Caroline Hurry
Caroline Hurry

CAROLINE HURRY explores the city steeped in imperial nostalgia, art, music and cool cafes – one of the major notes of the Amacerto’s Melodies of the Danube cruise

 Vienna’s skyline of slender spires, sculptures and Aztec-style roofs looks much the same as in Haydn’s day. Famous for symphonies, opera, Mozart, Beethoven, Schubert, Liszt and Klimt, take off in any direction and you’ll collide with history.

Empress Elisabeth – Sisi – immortalised in wax at Madame Tussauds.
Empress Elisabeth – Sisi – immortalised in wax at Madame Tussauds.

After docking,  we set off on the bus  through the city as our guide pointed out various landmarks.  My husband and I opted to walk around on our own as he is knows the city well, having worked here for some months.  We visited for The Hoffburg, a hotchpotch of a palace that belonged to the Hapsburg dynasty. It is also the venue of the Spanish Riding School (Spanische Reitschule) home to prancing white Lipizzaners.  Sunlight danced across the cobbles, flirting with the bold Gothic decoration, statues and giddy rococo architecture.

The copper-domed palace edged in gold lattice with winged beasts on its roof, houses the Imperial Apartments, the former in-town digs of Empress Elisabeth and Emperor Franz Joseph, a boorish Mummy’s boy who frequented brothels during their honeymoon, while Elisabeth – Sisi  – won people’s hearts with her beauty and charm. Their only son Rudolph committed suicide and an Italian anarchist assassinated Sisi in 1897.

 Shadow of an empress  –  the entrance to the Sisi Museum.

Shadow of an empress – the entrance to the Sisi Museum.

The Sisi Museum’s displays begin with the Empress Elisabeth’s death mask. One of her lavish ball gowns dominates a room and there are half-sized plaster statues of the royal couple through the decades, rather like a set of imperial garden gnomes.

Vienna is famous for its café society. Whether you sip your java from a velvet chair in an austere, dark-wooded establishment or from a pavement bistro as we did, lingering at a coffee shop is a great way to soak up the culture of this city of symphonies.

The magnificent Schönbrunn-Palace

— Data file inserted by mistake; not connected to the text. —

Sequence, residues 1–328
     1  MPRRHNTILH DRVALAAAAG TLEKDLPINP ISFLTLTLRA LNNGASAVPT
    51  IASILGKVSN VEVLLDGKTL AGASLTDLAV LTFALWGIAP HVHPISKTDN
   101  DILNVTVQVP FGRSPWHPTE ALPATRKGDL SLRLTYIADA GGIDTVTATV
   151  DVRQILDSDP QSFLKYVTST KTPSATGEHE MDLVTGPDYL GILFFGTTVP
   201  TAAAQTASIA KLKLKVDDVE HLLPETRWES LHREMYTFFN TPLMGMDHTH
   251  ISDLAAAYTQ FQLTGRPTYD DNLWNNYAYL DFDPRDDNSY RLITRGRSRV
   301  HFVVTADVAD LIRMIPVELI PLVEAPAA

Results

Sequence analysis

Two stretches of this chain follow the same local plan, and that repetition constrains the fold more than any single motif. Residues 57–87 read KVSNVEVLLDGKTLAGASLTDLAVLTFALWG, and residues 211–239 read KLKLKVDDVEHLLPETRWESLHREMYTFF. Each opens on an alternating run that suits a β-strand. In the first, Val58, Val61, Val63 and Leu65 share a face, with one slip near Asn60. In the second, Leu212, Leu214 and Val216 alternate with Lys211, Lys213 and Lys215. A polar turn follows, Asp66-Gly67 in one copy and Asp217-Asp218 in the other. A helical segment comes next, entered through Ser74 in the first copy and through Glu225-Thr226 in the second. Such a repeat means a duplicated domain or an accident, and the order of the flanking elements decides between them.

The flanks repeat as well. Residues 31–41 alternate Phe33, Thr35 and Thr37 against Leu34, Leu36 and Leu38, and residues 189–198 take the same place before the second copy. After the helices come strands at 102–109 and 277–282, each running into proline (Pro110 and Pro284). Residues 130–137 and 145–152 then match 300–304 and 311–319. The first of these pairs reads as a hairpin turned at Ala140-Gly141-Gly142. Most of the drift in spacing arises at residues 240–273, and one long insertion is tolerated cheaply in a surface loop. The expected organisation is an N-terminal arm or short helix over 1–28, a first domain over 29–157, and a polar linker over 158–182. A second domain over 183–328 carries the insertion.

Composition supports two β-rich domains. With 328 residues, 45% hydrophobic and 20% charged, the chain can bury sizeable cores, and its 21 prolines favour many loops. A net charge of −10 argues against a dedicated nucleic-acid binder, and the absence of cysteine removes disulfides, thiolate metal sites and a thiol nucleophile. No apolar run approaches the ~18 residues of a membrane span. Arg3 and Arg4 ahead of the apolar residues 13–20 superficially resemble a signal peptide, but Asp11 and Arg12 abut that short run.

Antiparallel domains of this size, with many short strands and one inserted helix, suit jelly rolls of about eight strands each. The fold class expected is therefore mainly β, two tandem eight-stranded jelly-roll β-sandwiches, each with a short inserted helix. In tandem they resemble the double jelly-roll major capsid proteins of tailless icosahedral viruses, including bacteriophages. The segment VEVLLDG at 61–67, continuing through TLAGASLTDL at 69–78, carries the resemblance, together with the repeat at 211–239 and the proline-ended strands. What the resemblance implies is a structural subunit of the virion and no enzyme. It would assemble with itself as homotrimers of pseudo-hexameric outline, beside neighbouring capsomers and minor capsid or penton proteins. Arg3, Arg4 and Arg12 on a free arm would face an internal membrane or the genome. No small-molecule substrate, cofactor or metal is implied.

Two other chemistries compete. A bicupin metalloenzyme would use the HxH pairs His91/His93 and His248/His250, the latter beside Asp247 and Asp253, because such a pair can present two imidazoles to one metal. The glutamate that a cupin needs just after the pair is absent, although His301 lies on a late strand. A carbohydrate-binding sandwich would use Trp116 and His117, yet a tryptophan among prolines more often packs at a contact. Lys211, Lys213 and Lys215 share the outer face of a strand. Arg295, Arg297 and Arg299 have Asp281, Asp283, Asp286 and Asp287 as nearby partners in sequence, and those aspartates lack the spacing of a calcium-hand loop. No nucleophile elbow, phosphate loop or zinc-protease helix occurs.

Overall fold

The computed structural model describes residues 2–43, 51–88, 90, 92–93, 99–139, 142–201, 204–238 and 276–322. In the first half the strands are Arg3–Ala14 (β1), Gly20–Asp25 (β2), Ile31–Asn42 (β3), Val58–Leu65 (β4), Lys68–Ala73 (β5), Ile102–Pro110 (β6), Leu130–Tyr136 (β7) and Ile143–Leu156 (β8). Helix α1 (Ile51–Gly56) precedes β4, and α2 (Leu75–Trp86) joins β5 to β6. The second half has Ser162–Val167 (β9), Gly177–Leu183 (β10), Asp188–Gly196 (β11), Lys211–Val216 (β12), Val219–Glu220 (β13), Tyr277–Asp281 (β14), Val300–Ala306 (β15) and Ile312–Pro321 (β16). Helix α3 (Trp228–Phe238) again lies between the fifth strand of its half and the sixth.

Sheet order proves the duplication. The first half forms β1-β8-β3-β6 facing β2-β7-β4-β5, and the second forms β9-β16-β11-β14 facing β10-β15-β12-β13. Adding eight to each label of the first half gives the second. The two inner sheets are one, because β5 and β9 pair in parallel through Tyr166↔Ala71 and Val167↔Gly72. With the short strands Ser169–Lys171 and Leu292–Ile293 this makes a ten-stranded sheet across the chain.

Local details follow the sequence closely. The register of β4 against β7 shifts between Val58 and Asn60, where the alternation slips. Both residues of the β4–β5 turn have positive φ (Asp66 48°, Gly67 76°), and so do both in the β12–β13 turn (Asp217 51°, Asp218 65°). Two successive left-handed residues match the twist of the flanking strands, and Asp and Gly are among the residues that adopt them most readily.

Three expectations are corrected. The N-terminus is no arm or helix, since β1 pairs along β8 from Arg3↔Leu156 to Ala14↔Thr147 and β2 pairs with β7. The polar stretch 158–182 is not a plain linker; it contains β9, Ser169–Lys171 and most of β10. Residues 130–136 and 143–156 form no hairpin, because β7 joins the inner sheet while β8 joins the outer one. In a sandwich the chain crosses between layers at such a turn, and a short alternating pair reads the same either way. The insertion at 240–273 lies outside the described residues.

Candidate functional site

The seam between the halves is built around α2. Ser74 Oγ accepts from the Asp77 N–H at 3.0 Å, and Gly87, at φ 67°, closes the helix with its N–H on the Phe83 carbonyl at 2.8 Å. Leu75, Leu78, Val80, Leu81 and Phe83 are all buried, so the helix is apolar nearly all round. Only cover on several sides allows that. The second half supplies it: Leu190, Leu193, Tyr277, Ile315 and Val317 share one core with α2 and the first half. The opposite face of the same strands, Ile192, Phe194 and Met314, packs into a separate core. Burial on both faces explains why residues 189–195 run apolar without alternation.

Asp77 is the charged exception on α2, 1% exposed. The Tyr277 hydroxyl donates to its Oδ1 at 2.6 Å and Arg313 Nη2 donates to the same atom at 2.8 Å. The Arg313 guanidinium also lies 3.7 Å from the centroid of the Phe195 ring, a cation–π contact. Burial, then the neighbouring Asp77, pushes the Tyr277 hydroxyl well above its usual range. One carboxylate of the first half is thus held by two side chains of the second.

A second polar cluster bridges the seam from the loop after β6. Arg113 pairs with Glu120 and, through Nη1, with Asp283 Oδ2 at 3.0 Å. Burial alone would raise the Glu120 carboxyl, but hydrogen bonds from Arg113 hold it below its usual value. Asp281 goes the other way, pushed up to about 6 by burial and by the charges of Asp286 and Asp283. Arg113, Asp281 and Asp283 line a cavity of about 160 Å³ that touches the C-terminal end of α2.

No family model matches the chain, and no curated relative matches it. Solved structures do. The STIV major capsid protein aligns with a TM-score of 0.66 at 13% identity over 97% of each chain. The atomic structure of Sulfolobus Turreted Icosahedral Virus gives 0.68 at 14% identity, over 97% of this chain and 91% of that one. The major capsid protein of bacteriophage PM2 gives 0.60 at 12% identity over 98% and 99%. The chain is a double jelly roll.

The magnificent Schönbrunn-Palace

Afterwards we strolled down the shopping streets of Graben and Kohlmarkt, past store windows filled with designer frocks, and jackets sharp enough to cut a dash in the highest societies. Everything costs a fortune  – just coffee and cake  cost around in excess of R400 – but Vienna oozes wealth and taste.

Hundertwassehaus
Hundertwassehaus

If you’re a fan of Friedensreich “No Straight Lines” Hundertwasser (1928-2000), famous for lecturing naked about uneven floors, then the KunstHaus museum is a must.

In 1983 Hundertwasser redesigned a dour council apartment block into a higgledy-piggledy jumble of colourful mosaics, ceramic pillars, gilded onion dome and roof gardens. The residents at Hundertwasserhaus – seemingly unfazed by the tourist hordes – can decorate the façade around their windows as they choose. 

View of Vienna from the top of the giant ferris wheel at Prater.
View of Vienna from the top of the giant ferris wheel at Prater.

If you didn’t take Amawaterway’s optional excursion to the magnificent Schönbrunn Palace and surrounds, the Prater park, a former royal hunting reserve includes acres of forest, a miniature railway, trade-fair centre, amusement park and Vienna’s giant ferris wheel, built in 1898. Praterfahrts (horse-drawn carriages) are available  for hire but nothing beats the fun of hiring a canopied two-seater pedal carriage and racing other commuters down the wide avenue!

Once you visit Vienna, you’ll  find yourself vowing like  Arnold Schwarzenegger –  another famous Austrian citizen – ”I’ll to be back!”

Onternational Cruises logoNext destination: the marvellous Amacerto sets sail for Dürnstein and Melk. Onward ho!

Caroline Hurry is being hosted by AmaWaterways and Cruises International.